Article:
My inspiration for starting a new blog was about trying to emulate one of my new personal heroes, Greg Mankiw. Mankiw’s blog has become for me an inspiration that what I studied for so long has so many real world applications. Obviously, economics is a study of the world and the trade-offs we make in this world.
Today I took a walk back to all the time I spent becoming educated on these various topics that encompass finance and economics. I took time off from my job so I could visit a professor at the University of Delaware. On the walk to his office, I saw something that illustrated to me the unique environment that a school provides (fortunately or unfortunately depending on anyone’s personal experience).
On Main Street I saw a car parked with its hazards – or four-way flashers if you prefer – parked in a metered area. Right as the “meter maid” (in my last six years I have never seen this lady do any other sort of “police work”) was starting to give a ticket, the owner of the vehicle came rushing out, as he was ready to leave. The meter maid coerced the owner of the vehicle to stay in order so she could write the ticket out and give it to him. Now, realize, the owner was going to move the car, but was forced to wait in order to receive his ticket. But wait, there’s more. In giving the ticket, the meter maid parked her vehicle beside the vehicle getting ticketed, which if you know Main Street in Newark, DE, you realize that she double parked and blocked an entire lane of traffic. So, please someone, tell me the efficiency in that.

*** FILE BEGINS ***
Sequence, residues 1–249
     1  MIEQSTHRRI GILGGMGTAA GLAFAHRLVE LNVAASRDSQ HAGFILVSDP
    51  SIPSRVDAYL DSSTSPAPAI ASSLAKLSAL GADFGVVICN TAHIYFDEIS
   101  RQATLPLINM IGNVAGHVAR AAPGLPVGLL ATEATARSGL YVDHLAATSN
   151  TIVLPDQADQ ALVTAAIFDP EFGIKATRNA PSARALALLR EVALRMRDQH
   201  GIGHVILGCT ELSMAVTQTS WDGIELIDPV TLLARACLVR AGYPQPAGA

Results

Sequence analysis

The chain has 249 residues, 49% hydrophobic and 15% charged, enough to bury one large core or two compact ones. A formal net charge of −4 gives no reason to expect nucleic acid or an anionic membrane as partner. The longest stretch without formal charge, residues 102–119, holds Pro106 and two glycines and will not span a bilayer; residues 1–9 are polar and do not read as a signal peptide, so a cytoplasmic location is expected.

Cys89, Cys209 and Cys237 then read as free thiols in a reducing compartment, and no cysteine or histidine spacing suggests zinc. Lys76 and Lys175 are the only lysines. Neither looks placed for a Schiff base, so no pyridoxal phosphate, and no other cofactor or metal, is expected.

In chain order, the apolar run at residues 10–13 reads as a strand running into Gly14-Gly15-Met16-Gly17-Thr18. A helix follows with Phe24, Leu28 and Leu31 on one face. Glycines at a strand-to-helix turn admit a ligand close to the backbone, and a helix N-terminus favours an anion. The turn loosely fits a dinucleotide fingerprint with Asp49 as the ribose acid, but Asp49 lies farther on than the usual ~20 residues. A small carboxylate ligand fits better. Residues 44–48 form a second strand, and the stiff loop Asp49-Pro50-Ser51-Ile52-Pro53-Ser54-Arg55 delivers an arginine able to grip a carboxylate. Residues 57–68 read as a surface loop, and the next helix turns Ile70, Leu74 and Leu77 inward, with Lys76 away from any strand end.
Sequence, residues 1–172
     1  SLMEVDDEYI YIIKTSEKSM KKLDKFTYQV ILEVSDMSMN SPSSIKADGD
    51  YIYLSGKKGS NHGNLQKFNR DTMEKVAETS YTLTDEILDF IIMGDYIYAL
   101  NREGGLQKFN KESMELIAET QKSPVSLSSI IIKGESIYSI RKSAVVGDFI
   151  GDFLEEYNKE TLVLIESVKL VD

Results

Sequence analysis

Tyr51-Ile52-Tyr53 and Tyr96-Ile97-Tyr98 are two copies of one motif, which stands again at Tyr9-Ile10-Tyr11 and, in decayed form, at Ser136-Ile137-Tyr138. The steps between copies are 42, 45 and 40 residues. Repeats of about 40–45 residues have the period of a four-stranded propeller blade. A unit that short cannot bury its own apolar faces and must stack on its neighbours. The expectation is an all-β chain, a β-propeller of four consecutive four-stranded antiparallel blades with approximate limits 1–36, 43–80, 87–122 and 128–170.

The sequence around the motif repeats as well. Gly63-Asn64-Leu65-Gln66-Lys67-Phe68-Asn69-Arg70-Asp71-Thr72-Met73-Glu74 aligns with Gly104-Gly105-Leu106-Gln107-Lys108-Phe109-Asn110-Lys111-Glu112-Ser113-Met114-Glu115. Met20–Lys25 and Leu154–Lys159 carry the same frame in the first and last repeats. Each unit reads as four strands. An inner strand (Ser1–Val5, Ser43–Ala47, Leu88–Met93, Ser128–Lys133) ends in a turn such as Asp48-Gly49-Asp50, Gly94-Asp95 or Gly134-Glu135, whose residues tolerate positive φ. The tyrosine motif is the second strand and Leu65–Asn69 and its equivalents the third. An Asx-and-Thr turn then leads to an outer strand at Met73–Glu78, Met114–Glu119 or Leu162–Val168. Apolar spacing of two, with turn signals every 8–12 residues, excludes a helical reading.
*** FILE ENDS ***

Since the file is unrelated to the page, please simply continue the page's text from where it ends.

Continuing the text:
Why I blog, why many other people blog, and why economists like Greg Mankiw blog I believe is an answer that can be described in the unique environments or situations that people find themselves in. For me – and possibly others – it’s a reaction to the questions that come up in our observations. And in my opinion, because universities and colleges are such unique environments, it’s no wonder that academics have so many things to blog about.